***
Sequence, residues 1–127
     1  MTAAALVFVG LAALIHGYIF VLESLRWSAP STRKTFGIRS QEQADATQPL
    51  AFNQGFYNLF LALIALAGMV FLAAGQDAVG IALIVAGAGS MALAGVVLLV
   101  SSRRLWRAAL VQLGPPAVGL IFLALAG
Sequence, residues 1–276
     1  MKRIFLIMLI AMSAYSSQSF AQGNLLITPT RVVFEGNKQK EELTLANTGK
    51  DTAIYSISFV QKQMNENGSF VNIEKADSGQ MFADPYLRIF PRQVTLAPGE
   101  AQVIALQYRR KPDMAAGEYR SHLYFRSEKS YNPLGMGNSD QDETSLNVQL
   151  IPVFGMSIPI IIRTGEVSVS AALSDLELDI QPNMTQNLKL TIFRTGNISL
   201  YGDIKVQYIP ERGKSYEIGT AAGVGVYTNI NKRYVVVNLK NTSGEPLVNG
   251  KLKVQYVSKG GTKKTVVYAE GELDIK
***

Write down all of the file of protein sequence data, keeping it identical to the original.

Sequence, residues 1–127
     1  MTAAALVFVG LAALIHGYIF VLESLRWSAP STRKTFGIRS QEQADATQPL
    51  AFNQGFYNLF LALIALAGMV FLAAGQDAVG IALIVAGAGS MALAGVVLLV
   101  SSRRLWRAAL VQLGPPAVGL IFLALAG
Sequence, residues 1–276
     1  MKRIFLIMLI AMSAYSSQSF AQGNLLITPT RVVFEGNKQK EELTLANTGK
    51  DTAIYSISFV QKQMNENGSF VNIEKADSGQ MFADPYLRIF PRQVTLAPGE
   101  AQVIALQYRR KPDMAAGEYR SHLYFRSEKS YNPLGMGNSD QDETSLNVQL
   151  IPVFGMSIPI IIRTGEVSVS AALSDLELDI QPNMTQNLKL TIFRTGNISL
   201  YGDIKVQYIP ERGKSYEIGT AAGVGVYTNI NKRYVVVNLK NTSGEPLVNG
   251  KLKVQYVSKG GTKKTVVYAE GELDIK